Murray River encephalitis, a deadly mosquito disease, is on the rise in Australia
The deadly mosquito-borne disease Murray River encephalitis, which kills about one in five people who catch it, is on the rise across Australia.
Health agencies in states from Queensland to Western Australia have recorded a worrying increase in cases of rare but dangerous diseases that can kill or cause permanent neurological damage such as paralysis and brain damage.
NSW Health has recorded six Murray River cases this year, compared to zero cases in 2022, just one case in 2021 and zero cases in 2020 and 2019.
Queensland Health has recorded two cases this year, compared to none in the previous four years to 2019.
South Australia also recorded one case of the illness, characterized by fever, headache, nausea and vomiting – the first in the state in the past five years.
The deadly mosquito-borne disease Murray River encephalitis, which kills about one in five people who catch it, is on the rise across Australia. A mosquito biting a person is photographed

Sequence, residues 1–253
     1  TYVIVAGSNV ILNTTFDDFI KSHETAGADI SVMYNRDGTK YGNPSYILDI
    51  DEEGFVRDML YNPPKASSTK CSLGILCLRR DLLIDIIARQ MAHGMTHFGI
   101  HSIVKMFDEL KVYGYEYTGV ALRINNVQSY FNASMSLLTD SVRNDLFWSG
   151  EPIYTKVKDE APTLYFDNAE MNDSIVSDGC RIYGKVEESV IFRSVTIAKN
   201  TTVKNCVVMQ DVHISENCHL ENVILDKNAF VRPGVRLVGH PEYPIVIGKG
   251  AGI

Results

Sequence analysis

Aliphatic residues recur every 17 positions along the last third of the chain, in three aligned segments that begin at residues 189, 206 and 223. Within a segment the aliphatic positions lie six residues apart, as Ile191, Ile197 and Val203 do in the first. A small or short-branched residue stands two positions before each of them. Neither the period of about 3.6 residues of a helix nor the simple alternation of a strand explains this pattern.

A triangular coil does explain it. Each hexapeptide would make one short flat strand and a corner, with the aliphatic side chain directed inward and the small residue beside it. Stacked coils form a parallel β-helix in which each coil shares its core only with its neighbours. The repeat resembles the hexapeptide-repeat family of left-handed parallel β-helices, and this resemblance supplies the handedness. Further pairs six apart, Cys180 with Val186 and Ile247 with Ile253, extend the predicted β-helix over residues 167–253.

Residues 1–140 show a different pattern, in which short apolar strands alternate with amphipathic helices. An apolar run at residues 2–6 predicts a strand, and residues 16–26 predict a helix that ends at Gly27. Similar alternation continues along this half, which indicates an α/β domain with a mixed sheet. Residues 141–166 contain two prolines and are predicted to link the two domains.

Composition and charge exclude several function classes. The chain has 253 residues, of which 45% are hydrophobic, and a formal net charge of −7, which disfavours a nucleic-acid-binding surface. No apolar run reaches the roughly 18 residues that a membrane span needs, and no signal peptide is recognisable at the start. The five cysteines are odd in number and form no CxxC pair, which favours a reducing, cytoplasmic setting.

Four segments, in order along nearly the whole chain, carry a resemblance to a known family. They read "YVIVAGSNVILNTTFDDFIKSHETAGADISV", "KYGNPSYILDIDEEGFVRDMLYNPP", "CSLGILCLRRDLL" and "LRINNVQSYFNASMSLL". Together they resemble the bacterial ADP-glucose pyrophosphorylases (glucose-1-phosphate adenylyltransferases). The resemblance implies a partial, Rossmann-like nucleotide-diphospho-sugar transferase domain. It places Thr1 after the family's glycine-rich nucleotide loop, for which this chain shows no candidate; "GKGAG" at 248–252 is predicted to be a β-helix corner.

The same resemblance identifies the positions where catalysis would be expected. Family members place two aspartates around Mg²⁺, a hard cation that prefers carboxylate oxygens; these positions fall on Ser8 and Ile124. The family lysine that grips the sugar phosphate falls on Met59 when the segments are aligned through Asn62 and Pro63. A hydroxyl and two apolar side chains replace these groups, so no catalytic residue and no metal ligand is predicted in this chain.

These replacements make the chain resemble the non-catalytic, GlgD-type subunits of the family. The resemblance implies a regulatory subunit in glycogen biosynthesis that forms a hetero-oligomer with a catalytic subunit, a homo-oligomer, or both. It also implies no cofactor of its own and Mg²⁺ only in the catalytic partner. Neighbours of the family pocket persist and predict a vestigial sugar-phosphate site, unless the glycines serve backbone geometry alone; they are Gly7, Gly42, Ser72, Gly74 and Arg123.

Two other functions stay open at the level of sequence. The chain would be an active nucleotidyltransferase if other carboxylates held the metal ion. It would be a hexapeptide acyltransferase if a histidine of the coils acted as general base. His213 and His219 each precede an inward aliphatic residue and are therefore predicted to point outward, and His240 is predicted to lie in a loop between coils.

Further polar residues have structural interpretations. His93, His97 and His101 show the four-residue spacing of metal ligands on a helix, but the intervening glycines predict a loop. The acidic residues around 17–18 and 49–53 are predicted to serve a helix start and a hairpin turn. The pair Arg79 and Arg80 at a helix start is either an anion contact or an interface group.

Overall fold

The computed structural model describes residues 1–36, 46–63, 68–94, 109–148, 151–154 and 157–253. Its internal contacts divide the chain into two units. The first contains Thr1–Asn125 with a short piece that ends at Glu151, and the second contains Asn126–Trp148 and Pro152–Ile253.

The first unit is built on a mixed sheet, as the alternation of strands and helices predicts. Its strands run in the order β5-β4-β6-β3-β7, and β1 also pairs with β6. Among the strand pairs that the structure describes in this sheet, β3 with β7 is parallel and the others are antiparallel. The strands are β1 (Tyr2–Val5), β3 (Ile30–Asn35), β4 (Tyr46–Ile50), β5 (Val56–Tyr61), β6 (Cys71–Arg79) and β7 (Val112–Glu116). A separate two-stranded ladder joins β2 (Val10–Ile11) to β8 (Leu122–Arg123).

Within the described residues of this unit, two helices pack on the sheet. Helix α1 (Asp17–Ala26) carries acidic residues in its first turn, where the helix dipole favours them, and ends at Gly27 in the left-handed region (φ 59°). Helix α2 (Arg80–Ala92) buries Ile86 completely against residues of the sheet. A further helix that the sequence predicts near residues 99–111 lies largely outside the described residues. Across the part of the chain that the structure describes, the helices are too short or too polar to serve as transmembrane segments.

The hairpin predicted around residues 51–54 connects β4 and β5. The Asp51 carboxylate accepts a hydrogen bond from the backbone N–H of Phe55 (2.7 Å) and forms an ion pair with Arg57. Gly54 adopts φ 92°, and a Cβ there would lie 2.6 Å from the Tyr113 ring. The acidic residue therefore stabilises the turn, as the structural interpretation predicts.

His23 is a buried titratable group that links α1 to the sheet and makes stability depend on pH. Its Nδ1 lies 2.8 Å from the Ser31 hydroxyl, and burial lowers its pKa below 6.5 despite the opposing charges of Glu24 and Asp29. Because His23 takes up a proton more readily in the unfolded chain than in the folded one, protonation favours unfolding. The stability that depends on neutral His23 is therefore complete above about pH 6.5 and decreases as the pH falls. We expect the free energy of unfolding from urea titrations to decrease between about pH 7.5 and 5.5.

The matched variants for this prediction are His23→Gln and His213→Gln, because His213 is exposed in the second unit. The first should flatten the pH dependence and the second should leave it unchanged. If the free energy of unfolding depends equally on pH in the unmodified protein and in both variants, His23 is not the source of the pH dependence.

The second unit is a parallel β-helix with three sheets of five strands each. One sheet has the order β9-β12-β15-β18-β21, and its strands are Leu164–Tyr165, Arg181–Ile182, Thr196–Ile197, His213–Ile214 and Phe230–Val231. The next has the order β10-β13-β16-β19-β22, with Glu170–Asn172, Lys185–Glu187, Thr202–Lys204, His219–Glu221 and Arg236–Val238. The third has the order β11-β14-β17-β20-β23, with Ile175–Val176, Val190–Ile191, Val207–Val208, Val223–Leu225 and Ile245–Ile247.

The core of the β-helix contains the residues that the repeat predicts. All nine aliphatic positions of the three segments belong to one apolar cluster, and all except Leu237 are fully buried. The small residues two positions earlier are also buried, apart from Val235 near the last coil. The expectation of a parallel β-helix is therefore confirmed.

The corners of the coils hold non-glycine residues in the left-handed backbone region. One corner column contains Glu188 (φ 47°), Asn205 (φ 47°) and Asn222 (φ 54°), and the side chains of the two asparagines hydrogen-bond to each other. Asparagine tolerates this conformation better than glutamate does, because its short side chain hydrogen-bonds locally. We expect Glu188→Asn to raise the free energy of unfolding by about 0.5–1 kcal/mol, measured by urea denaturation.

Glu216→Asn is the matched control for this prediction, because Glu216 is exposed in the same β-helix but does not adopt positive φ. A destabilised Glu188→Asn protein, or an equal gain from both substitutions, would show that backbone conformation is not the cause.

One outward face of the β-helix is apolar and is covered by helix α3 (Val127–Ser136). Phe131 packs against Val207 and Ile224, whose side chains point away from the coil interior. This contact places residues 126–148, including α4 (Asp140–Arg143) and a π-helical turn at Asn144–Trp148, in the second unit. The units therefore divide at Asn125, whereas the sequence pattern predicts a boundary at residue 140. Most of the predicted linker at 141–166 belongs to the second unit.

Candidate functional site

In Western Australia, two people have died from the disease this year, including a child who died after being bitten in the West Kimberley region in March.
In February, Victoria recorded its first case and death from Murray River encephalitis since 1974 after a woman in her 60s died following a bite.
There is no treatment for Murray River encephalitis and SA Health recommends that the best defense is to avoid being bitten in the first place.
“People should use mosquito repellents containing DEET, picaridin or lemon eucalyptus oil that have been approved by the Australian Pesticides and Veterinary Medicines Authority,” the agency said.
Floods, such as the Murray River flood in South Africa between November 2022 and February 2023 or the Kimberley flood in WA over the New Year period, can lead to increased mosquito breeding.
And although a spell of hot, dry weather from El Nino could reduce mosquito numbers in inland Australia, Professor Craig Williams of the University of South Australia said major population centers would likely remain vulnerable.
Murray River encephalitis can kill or cause permanent neurological damage such as paralysis and brain damage. Encephalitis cells are shown
“Cities are by the sea, so you will have coastal mosquitoes that will continue to breed and will not always be driven by rainfall, but their breeding sites may come from tidal action,” he said. he declares.
“There are also urban mosquitoes that are in built-up areas of the city and will continue to do well.”
Cases of other mosquito-borne diseases, such as Ross River and dengue fever, vary from state to state, but tend to show stable or declining numbers.